Design considerations for mine waste management at the Meadowbank Gold Project
CIM Bulletin, Vol. 2, No. 4, 2007
C.J. Clayton, J.C. Cunning, A.J. Haynes, D.A. Hickson, and B. Thiele
Cumberland Resources Ltd.*, is currently evaluating the development of the Meadowbank Gold Project located some 70 km north of Baker Lake/Qamanit’uaq, Nunavut, in the eastern Canadian Arctic region. The project currently consists of a series of gold-bearing deposits within relatively close proximity to one another. It is planned to mine these deposits primarily as a truck-and-shovel open pit operation using conventional gold milling and extraction. The mining plan indicates that approximately 20 Mt of ore will be mined over a mine life of eight to ten years.
The development of the project is faced with climatic challenges similar to those encountered at other mine sites in the North. Extreme temperatures, permafrost, and high winds pose challenges to development. Additional site-specific considerations include the presence of lakes, some of which overly the main deposits, and the absence of suitable construction materials. Along with the geographic and geotechnical constraints surrounding the site, the project will require a strategy of carefully sequencing the stripping and generation of waste products to be stored either by construction disposal methods into dykes and other construction-related facilities, or to be stored in conventional tailings and rock storage facilities.
Operations will generate approximately 7 Mt of overburden soil and organic materials, 160 Mt of mine waste rock, and 20 Mt of tailings. The general absence of suitable construction materials at the site, and the logistics and cost associated with the transportation of materials to the site have necessitated an approach to waste management that is sensitive to the costs of the project and maximizes the use of mining generated waste products as construction materials. The effective use of the mining generated waste products for construction purposes, in turn, relies on an understanding of the geochemical nature of the overburden, waste rock, ore, and tailings. In addition, as large portions of the main deposits at Meadowbank lie beneath the surface of the main lakes in the project area, significant lengths of de-watering dykes are required to be constructed early in the project life. Consequently, the management of the waste products of mining at the project can be divided into two separate methods:
1) construction disposal methods utilizing disposal of mined materials into the de-watering dykes, tailings dyke, and airstrip; and 2) conventional disposal methods relying on surface waste dumps and freezing of the tailings storage facility.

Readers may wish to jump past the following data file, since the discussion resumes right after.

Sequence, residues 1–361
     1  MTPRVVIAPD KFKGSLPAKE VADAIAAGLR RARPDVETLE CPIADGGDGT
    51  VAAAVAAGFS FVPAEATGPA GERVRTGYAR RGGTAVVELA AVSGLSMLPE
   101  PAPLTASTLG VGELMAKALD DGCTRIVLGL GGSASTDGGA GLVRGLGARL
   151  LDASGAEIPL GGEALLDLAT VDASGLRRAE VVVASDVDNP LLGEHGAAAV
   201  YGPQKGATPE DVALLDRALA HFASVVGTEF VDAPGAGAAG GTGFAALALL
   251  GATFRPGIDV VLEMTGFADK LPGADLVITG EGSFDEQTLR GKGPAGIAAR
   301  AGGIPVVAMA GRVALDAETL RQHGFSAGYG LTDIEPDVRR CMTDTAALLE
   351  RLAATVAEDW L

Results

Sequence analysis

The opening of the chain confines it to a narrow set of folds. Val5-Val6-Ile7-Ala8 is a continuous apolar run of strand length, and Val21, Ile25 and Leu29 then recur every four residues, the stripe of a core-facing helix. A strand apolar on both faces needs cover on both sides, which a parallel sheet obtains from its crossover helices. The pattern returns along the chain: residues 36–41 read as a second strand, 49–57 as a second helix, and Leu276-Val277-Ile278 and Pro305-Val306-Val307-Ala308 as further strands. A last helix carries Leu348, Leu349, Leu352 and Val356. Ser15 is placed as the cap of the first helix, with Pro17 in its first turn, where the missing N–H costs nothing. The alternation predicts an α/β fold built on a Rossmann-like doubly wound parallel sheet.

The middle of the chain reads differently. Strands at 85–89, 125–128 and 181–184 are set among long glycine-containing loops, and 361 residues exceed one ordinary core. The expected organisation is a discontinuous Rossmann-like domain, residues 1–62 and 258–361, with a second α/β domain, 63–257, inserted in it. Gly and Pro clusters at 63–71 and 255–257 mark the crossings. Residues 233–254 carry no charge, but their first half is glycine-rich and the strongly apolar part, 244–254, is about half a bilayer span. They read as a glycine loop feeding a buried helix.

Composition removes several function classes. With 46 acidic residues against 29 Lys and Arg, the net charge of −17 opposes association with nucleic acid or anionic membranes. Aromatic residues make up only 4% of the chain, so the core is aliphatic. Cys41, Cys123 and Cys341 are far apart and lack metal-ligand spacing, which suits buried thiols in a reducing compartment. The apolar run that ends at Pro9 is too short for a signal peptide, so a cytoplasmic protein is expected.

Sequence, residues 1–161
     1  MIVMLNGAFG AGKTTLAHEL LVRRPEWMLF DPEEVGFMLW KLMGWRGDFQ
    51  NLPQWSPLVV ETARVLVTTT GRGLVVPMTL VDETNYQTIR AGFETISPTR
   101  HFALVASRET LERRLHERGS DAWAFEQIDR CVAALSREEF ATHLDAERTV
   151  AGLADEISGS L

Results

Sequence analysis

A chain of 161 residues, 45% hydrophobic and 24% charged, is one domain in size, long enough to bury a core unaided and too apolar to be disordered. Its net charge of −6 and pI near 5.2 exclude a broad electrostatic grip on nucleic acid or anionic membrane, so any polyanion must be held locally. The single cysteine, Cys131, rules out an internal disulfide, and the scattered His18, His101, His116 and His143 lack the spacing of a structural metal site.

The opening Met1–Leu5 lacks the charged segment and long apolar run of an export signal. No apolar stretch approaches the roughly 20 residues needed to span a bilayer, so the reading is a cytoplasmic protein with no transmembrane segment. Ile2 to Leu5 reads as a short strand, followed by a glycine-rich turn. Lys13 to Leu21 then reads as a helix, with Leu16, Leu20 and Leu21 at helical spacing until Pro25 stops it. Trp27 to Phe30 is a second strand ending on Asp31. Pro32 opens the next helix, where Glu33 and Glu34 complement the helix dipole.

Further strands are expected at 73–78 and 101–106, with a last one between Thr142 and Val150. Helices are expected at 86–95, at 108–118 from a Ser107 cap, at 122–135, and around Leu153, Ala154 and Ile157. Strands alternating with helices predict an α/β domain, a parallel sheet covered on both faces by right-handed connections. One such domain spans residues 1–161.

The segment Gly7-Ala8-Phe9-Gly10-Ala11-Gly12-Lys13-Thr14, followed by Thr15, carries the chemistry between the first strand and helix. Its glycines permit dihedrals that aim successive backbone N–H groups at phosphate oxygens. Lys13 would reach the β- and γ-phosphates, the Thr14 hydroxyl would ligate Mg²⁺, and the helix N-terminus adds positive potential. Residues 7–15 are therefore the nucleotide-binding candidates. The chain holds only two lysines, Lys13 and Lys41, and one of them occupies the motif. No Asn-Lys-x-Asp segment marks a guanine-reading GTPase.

Several kilometres of de-watering dykes are required to allow the development of the open pits. Dyke construction will be scheduled from materials excavated in pre-stripping and pre-mining waste rock. The design of the dykes will optimize the use of waste rock material by selectively segregating material into either upstream or downstream rock fill embankments.
The mine waste rock that is surplus to the construction requirements will be placed in conventional surface waste rock storage areas. Several options for the storage of mine waste rock were evaluated using an approach similar to a multiple accounts analysis, whereby key indicators relating to operational, economic, and environmental considerations were evaluated to assess which option was the most suitable for the specific project location and environment. A similar set of site selection criteria were developed to evaluate possible alternatives for disposal of the tailings, again considering environmental, operational, and economic factors. The preferred alternative for disposal of the tailings is into the natural basin of an arm of Second Portage Lake that will be dewatered so that mining can proceed. The tailings are predicted to freeze over time.
Some of the mine wastes have the potential to generate acid rock drainage (ARD) and may be susceptible to metal leaching (ML) under neutral drainage conditions. Consequently, the proposed mine waste management strategy, to allow the waste dumps and the tailings storage area to freeze over time, is aimed at minimizing the potential for ARD generation and ML. Furthermore, utilizing mine waste, where possible, for the construction of the main infrastructure requirements—the de-watering dikes—will result in an overall reduction of the mine footprint area for the project, as requirements for additional quarry sites for the production of construction materials will be reduced or eliminated entirely.